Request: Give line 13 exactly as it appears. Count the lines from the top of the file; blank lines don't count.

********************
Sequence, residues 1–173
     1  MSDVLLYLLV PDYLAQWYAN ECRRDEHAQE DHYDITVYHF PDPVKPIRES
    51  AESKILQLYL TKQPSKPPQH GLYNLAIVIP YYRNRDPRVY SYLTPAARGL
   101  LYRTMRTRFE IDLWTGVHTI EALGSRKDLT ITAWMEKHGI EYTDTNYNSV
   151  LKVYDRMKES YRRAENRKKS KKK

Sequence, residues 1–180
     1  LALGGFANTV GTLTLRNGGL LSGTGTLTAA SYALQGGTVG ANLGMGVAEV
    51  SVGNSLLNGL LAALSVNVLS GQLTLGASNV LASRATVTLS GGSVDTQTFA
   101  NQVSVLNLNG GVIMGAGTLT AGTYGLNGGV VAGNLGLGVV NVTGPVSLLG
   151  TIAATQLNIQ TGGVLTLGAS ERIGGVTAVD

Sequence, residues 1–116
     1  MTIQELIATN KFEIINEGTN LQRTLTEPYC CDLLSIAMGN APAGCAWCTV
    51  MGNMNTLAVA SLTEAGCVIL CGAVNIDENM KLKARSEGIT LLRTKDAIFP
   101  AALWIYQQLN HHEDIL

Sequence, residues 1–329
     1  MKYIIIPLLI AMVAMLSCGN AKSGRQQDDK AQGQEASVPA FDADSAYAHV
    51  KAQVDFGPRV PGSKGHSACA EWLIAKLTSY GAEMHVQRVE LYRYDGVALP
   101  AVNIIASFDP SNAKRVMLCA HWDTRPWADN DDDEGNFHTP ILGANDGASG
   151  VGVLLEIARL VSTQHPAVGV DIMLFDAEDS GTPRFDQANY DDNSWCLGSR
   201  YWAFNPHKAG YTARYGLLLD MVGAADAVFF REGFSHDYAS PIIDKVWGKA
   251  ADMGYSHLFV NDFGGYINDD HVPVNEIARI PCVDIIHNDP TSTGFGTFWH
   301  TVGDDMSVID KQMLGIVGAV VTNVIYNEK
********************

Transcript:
    51  MGNMNTLAVA SLTEAGCVIL CGAVNIDENM KLKARSEGIT LLRTKDAIFP